Encouraged by the fact it wasn’t raining much, despite a forecast of heavy thunderstorms, I spent most of the time just walking around, occasionally glancing at the map to make sure I knew more or less where I was. I wasn’t in the mood for the “obvious” tourist sites, such as the Grand Palace or the various temples (Wat). After all, how many golden Buddhas and elephants can a man take?

My first impression of the city was the contrast between old and modern, a contrast that has become very common in big Asian cities over the past couple of decades. Some of the buildings and shopping malls are top notch, surpassing many similar establishments in the West in style and luxury. But this is all mixed with old, decrepit buildings and poorly lit streets, some of which looked positively dodgy. As an example, here are pictures of my hotel and the view from my hotel window - note the squalid dwellings on the bottom of the second picture:

Westin Bangkok

Bangkok Skyline

And another view, this time from the SkyTrain, the elevated train that crosses the centre of the city. Slums in the foreground, high-rise apartments (advertising at $200K+ for a 2-bedroom) in the background:

Bangkok Slums

As a friend of mine told me at the conference, when he heard I was a newbie here: the first-time visitor to Bangkok walks around clutching on to his belongings and praying he won’t get stabbed by the barefooted Thais squatting on the sidewalks peddling their merchandise. However, after a couple of hours, the same visitor relaxes and becomes a happy, stress-free tourist, having been captivated by that ubiquitous defensive weapon of the Thais: the smile.

Because wherever you turn you see people smiling, especially if you happen to catch their eyes. And if you stop walking for a minute to consult your map, it is more than likely for one of them to approach you and offer help. One smiling Thai told me: “you are a visitor to my country, so you are my customer.”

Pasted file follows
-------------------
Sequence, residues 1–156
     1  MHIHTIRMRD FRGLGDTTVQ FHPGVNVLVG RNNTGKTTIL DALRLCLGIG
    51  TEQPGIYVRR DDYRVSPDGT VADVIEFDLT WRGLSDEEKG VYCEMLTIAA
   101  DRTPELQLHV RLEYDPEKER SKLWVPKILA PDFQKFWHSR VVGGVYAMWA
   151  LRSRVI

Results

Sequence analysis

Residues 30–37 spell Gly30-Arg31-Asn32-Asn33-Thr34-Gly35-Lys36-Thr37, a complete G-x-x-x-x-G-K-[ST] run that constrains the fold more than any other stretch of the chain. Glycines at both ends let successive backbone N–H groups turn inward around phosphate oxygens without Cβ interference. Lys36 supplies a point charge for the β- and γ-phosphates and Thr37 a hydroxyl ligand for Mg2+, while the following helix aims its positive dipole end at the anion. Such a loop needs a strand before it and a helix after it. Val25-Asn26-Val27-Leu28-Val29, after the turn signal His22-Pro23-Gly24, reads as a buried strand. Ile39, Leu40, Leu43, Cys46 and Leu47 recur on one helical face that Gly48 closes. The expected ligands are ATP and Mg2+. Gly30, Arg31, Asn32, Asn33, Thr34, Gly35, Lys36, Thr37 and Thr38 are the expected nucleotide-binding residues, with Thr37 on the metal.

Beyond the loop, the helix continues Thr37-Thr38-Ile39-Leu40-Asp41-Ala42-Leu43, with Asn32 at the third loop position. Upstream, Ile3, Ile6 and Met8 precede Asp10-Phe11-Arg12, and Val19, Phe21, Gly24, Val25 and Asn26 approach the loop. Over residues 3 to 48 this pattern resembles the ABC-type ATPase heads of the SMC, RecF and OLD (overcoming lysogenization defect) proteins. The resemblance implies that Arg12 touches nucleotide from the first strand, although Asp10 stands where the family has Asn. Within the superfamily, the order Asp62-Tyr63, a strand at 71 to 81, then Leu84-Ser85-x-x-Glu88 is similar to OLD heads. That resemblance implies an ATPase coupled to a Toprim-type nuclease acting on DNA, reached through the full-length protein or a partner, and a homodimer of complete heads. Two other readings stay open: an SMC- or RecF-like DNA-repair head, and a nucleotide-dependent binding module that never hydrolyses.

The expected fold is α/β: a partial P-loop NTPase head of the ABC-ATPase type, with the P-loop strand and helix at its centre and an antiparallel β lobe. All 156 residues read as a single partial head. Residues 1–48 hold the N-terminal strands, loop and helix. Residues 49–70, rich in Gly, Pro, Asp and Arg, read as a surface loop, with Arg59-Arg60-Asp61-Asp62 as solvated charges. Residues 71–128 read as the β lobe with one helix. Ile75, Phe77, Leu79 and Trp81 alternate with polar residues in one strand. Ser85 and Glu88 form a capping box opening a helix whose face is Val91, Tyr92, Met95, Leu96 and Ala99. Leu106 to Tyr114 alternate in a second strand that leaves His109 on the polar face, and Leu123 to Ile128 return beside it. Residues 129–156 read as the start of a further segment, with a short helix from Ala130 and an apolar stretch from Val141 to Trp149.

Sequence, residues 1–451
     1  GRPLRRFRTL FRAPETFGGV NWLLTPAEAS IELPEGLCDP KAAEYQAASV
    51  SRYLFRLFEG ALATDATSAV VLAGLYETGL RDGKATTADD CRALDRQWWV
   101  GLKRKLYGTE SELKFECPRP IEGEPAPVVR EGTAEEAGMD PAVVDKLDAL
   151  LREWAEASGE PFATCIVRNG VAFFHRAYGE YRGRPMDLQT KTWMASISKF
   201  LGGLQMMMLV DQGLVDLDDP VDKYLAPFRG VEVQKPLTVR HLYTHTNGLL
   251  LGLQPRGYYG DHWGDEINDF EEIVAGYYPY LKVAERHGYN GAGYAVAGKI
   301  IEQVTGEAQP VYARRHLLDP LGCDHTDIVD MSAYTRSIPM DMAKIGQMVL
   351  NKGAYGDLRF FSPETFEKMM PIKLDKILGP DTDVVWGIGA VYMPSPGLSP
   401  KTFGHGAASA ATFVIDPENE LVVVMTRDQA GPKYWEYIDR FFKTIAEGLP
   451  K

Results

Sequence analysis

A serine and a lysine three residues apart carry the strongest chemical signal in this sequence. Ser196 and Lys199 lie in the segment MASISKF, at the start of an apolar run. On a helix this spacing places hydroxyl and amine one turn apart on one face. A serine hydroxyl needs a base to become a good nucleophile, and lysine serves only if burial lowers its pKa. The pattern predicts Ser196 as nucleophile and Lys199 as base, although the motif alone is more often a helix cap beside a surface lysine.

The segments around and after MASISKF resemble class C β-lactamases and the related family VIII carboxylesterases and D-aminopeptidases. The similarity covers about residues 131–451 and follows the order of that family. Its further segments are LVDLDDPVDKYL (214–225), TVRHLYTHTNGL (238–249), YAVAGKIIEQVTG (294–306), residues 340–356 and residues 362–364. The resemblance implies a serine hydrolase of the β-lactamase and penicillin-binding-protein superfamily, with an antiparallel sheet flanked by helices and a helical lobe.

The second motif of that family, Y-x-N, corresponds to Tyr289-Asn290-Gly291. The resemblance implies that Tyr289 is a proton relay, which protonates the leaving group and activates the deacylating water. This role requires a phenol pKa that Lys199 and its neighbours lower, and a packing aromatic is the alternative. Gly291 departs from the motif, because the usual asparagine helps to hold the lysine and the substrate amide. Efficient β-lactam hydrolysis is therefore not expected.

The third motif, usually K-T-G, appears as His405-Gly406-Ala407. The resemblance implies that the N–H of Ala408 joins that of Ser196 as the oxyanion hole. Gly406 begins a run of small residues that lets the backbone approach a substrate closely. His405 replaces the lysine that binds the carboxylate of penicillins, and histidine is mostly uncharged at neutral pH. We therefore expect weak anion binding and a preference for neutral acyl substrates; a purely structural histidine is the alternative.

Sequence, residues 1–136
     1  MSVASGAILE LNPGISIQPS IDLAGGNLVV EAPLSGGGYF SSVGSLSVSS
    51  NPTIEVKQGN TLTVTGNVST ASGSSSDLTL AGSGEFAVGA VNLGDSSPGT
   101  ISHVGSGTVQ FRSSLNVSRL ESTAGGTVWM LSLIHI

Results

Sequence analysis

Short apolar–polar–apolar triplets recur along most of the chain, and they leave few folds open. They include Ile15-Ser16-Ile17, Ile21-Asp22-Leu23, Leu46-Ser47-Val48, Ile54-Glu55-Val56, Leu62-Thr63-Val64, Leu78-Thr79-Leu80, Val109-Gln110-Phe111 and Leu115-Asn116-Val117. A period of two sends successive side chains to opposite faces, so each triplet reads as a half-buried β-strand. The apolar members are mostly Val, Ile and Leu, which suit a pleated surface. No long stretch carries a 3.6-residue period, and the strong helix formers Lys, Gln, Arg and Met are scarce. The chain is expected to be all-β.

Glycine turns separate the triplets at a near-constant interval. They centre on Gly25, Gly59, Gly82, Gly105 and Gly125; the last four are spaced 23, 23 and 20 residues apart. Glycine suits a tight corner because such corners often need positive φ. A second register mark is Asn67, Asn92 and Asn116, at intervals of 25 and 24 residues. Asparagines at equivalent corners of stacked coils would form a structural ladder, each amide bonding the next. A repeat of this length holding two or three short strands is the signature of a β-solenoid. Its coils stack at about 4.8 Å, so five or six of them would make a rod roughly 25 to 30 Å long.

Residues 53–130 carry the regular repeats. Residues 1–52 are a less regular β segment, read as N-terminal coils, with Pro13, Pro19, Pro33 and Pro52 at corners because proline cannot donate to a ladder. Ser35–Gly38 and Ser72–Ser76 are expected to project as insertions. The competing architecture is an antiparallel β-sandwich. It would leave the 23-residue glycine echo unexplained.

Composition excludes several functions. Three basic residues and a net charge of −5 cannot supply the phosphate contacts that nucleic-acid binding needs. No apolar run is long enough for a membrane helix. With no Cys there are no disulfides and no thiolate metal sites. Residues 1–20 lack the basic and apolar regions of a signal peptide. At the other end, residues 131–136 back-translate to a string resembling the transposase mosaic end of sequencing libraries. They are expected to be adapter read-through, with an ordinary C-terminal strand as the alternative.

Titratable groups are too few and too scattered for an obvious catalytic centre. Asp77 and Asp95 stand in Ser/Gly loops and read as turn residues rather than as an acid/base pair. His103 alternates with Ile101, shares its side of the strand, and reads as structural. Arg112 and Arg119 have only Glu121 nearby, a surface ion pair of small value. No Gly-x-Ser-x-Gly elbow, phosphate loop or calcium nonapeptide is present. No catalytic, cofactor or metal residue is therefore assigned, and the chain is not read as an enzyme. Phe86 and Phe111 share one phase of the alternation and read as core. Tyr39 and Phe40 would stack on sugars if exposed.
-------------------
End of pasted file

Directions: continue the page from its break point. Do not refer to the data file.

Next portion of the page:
It is true that some of these friendly people are touts looking to point you in the direction of a transport vehicle (more on that later) or a place of business offering services tailored for single men wandering around. But even they do it with a smile and back off almost immediately if you politely refuse their offer. At no point did I feel uncomfortable in any way.

But they don’t only smile. They also eat. Most sidewalks are packed with “makeshift-permanent” food stalls that are basically full-fledged family-run restaurants operating in the open air, most taking up no more that a couple of square metres of sidewalk space. The children wash the vegetables or cut the fish/meat, one of the the parents cooks and the other one serves customers. Pots and pans everywhere and customers sit on impossibly small chairs and tables to enjoy their meal. Quite fascinating really, considering that they are surrounded by exhaust fumes, a constant stream of pedestrians and a lot of street litter.

Street Food 1

Street Food 2

Bangkok Bananas

And it’s not only food you can get on the street. It’s a myriad of products and services that are on offer: clothes, handbags, jewellery, fake diplomas (Bachelor of Business from Bristol Univerisity, anyone?), seamstresses, cobblers and hair-braiders.

Bangkok Street Sellers

Bangkok Fake Diplomas

Bangkok Street Seamstress 

Bangkok Street Cobbler 

Bangkok Street Hair Braider 

After my first day I realised I had forgotten to pack my new camera’s battery charger. I was directed by the hotel staff to Pantip Plaza, where I was told there were “a few electronics stores”. What an understatement. This is a 6-7 storey building packed to the seams with stores selling every conceivable piece of software or hardware you can imagine. For those of you familiar with Akihabara district in Tokyo, imagine the entire district folded up into one building. I found a copy of the charger I needed in no time.